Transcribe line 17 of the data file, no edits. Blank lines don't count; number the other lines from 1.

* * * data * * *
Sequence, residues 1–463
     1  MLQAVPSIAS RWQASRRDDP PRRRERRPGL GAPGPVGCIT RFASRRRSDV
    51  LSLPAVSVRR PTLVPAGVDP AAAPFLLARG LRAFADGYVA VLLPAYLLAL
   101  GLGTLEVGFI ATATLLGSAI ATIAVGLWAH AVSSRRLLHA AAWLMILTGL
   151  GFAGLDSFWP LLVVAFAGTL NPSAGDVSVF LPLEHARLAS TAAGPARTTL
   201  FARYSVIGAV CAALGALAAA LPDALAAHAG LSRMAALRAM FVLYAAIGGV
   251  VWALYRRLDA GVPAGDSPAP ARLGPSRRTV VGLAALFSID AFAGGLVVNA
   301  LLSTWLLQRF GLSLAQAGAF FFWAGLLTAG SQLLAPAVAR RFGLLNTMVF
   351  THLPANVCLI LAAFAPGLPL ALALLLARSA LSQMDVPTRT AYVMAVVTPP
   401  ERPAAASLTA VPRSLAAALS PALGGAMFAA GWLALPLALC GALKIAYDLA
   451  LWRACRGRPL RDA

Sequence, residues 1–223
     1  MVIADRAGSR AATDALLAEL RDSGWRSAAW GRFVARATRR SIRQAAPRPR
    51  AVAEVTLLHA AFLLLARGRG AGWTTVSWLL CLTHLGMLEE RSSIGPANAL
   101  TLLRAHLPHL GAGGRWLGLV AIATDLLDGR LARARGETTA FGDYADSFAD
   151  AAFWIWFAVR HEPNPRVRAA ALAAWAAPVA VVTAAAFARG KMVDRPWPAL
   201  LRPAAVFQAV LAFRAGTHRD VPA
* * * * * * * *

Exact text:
   201  LRPAAVFQAV LAFRAGTHRD VPA